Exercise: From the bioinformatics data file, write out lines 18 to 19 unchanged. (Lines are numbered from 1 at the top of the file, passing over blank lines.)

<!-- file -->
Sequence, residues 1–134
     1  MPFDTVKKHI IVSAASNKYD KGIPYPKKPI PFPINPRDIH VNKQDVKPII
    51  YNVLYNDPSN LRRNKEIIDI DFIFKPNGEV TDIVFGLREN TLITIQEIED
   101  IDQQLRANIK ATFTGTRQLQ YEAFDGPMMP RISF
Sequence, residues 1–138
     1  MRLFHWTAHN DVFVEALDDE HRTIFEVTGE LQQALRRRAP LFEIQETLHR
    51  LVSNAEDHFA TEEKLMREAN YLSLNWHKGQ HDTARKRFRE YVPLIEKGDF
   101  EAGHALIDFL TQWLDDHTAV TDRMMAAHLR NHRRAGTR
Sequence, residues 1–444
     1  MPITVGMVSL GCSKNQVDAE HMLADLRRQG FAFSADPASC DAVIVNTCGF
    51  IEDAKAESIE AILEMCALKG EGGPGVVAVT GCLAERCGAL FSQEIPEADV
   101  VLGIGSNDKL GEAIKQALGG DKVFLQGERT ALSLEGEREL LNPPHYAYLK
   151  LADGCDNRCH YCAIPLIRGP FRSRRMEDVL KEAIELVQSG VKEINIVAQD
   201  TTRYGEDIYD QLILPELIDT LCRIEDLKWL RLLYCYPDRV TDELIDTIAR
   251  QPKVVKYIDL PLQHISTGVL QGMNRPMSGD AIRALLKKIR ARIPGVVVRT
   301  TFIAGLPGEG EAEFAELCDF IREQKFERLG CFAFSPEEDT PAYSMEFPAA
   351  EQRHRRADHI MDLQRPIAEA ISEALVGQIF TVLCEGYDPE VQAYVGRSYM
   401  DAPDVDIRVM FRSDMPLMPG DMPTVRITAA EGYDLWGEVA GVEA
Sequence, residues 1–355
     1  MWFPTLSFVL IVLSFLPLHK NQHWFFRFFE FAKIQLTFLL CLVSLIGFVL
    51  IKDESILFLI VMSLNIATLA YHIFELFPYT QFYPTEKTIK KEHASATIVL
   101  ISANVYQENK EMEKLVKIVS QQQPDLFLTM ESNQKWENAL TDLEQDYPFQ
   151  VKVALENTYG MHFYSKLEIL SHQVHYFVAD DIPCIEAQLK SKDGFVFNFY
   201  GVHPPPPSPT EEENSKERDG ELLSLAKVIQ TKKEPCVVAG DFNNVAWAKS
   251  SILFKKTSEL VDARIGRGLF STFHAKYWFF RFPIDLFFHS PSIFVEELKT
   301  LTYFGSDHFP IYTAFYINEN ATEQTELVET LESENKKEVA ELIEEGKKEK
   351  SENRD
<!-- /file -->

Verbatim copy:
   401  DAPDVDIRVM FRSDMPLMPG DMPTVRITAA EGYDLWGEVA GVEA
Sequence, residues 1–355